Thursday, 25 June 2015


A look around the biggest property sale on earth: It is almost the same size as England and has hit the market for $325MILLION - but don't expect to hit it off with the neighbours... there are none
One of the world's largest private land holdings that includes the biggest cattle station on the planet and has been in the one Australian family for five generations is in final preparations for its sale.
The unique collection of ten vast outback properties amassed more than 100 years ago by legendary Australian pastoralist Sir Sidney Kidman will be sold to one of 30 bidders from around the world over the next few months.
The combined territory of the properties is 101,411 square kilometres, or almost 11 million hectares, equivalent to the US state of Indiana, and more than three-quarters the size of England. 
The property ownings he bequeathed to his family are said to be 'the largest private, non-monarchical, non-state landholding on earth'. Just 150 people  - cattle station staff - live on the land.
S Kidman & Co managing director Greg Campbell told Daily Mail Australia that the company will now narrow down the interested parties to a short list of around six final bidders.
The properties, which are all working cattle stations will  be sold as one and are expected to collectively attract more than their net worth of $325 million.
With cattle prices currently high, the properties are considered 'a world class asset of international significance'. Anna Creek Station in the northern South Australian outback is the largest at 23,000 square kilometres.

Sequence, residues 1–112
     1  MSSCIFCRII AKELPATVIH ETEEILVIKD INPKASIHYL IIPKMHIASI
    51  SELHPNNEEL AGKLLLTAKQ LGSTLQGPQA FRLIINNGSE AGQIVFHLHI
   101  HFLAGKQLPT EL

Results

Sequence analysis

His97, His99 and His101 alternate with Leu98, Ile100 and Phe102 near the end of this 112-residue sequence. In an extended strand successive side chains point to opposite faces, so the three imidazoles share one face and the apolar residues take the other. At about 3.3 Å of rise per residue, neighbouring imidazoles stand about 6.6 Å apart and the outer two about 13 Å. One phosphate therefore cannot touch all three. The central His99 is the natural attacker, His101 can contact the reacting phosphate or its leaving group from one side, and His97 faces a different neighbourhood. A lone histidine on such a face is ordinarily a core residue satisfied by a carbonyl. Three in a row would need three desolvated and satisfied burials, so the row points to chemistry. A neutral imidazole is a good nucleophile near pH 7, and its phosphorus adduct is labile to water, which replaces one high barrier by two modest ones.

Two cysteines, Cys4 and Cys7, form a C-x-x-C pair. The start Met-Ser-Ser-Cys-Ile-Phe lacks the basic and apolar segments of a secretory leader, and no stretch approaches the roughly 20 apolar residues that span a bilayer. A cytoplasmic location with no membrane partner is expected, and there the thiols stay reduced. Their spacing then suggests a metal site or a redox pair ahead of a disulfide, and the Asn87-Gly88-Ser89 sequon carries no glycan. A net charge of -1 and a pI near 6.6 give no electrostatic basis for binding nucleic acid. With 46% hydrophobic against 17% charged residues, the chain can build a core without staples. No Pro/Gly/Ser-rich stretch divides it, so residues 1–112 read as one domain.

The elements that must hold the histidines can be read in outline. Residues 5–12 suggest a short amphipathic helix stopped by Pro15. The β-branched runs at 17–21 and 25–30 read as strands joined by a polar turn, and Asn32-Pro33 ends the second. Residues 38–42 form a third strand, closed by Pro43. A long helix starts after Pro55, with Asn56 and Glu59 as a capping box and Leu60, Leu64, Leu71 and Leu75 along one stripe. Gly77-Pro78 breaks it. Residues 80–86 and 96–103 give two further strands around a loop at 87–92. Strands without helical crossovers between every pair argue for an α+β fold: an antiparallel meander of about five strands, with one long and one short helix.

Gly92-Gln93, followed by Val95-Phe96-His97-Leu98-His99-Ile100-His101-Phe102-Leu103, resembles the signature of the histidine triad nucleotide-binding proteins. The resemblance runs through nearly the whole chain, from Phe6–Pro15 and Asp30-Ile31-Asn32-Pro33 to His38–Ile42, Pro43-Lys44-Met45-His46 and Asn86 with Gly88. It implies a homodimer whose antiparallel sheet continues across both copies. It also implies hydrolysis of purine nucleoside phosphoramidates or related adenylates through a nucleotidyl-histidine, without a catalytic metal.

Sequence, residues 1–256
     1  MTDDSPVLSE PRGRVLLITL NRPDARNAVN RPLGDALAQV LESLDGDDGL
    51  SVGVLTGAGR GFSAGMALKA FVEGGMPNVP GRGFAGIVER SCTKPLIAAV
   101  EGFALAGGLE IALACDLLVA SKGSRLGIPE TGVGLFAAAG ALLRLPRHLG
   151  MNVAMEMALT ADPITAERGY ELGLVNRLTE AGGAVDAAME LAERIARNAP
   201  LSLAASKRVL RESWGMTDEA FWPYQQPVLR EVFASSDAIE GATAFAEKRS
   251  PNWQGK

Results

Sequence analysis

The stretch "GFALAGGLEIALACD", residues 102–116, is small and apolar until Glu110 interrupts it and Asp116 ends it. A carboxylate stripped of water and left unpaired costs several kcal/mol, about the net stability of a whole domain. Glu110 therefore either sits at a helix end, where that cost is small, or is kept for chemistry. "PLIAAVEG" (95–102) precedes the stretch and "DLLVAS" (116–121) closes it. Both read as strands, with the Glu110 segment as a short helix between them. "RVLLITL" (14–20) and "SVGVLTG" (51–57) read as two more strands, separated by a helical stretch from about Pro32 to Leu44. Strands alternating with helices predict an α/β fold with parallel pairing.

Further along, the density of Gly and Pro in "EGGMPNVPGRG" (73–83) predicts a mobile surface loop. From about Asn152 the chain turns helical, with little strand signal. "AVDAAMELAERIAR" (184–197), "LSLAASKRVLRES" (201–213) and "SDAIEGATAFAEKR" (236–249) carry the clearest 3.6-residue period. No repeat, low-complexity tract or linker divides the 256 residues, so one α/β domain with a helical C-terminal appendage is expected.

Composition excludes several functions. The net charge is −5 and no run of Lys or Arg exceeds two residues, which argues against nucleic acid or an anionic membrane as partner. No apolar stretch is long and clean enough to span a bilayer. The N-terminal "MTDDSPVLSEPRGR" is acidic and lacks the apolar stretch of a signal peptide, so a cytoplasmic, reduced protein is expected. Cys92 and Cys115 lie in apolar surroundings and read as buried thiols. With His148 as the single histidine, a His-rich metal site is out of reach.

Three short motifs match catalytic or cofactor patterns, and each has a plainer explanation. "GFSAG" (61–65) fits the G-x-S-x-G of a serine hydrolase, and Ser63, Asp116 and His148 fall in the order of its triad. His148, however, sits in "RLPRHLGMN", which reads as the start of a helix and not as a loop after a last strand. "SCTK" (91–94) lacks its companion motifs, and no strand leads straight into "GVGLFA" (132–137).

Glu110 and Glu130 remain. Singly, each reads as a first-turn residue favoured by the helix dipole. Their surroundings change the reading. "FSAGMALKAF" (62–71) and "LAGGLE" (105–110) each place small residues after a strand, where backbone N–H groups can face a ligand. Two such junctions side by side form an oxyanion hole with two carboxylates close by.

The Cattle King: Sir Sidney Kidman (pictured) ran away from home at the age of 13 with five shillings and a one-eyed horse and over the next 60 years amassed an extraordinary fortune of outback cattle stations which have remained in his family for five generations and are now up for sale for more than $325 million

Other holdings include Durham Downs, Durrie, Glengyle, Morney Plains, Naryilco and Rockybank in Queensland; Innamincka, Macumba and Tungali in South Australia; Helen Springs in the Northern Territory and Ruby Plains in Western Australia.

Despite reported rumours of bitter wrangling by family members who did not want to sell and talk of a 'carve up' of the land holdings, selling agent Ernst & Young South Australia's managing partner Don Manifold said the family who owned the 98 per cent shareholdings were now in agreement.
'There is some hysteria at the moment about foreign land ownership and I understand people's concerns, but this is a very well-managed cattle business and the Federal government and [three state and one territory] governments and the Foreign Investment Review Board will all be involved because we are talking about long term pastoral leases here,' he said.

'It is extraordinary that it has been in the one family until the fifth generation, is debt free, consistently well run, prime cattle producer.'
Sidney Kidman was born into an Adelaide family and educated at a private school before, aged thirteen in 1870, he ran away from home with  five shillings in his pocket a one-eyed horse.
He found work with a drover and trained as a roustabout and bullock-driver, working in far western NSW and outback South Australia and thereafter began buying cattle stations in the Australian outback.
By 1903 Kidman owned or was a part owner of some 98,420 sq km of of country ranging from Western Australia to the Northern Territory, South Australia and Queensland.
He developed a cattle business using exclusively Sant Gertrudis in his South Australia and Channel Country properties and Brahmans and a Brahman breed, Charbrais in his northern herds. 

courtesy: Daily Mail

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